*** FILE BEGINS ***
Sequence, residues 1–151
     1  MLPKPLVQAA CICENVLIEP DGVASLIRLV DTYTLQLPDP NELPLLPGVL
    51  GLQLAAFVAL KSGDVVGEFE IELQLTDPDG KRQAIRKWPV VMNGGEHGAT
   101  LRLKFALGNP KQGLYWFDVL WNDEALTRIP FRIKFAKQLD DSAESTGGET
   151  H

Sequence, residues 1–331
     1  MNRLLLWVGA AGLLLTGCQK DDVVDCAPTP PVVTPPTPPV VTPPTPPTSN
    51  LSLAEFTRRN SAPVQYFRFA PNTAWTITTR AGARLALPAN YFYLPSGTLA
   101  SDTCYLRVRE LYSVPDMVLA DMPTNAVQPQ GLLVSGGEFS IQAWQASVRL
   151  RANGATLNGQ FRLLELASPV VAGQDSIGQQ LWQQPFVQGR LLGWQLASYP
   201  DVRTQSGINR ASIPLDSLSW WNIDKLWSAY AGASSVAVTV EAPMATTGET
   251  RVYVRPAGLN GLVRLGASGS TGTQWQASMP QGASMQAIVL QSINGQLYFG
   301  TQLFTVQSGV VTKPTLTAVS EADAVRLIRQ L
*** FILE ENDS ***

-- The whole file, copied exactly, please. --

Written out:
Sequence, residues 1–151
     1  MLPKPLVQAA CICENVLIEP DGVASLIRLV DTYTLQLPDP NELPLLPGVL
    51  GLQLAAFVAL KSGDVVGEFE IELQLTDPDG KRQAIRKWPV VMNGGEHGAT
   101  LRLKFALGNP KQGLYWFDVL WNDEALTRIP FRIKFAKQLD DSAESTGGET
   151  H

Sequence, residues 1–331
     1  MNRLLLWVGA AGLLLTGCQK DDVVDCAPTP PVVTPPTPPV VTPPTPPTSN
    51  LSLAEFTRRN SAPVQYFRFA PNTAWTITTR AGARLALPAN YFYLPSGTLA
   101  SDTCYLRVRE LYSVPDMVLA DMPTNAVQPQ GLLVSGGEFS IQAWQASVRL
   151  RANGATLNGQ FRLLELASPV VAGQDSIGQQ LWQQPFVQGR LLGWQLASYP
   201  DVRTQSGINR ASIPLDSLSW WNIDKLWSAY AGASSVAVTV EAPMATTGET
   251  RVYVRPAGLN GLVRLGASGS TGTQWQASMP QGASMQAIVL QSINGQLYFG
   301  TQLFTVQSGV VTKPTLTAVS EADAVRLIRQ L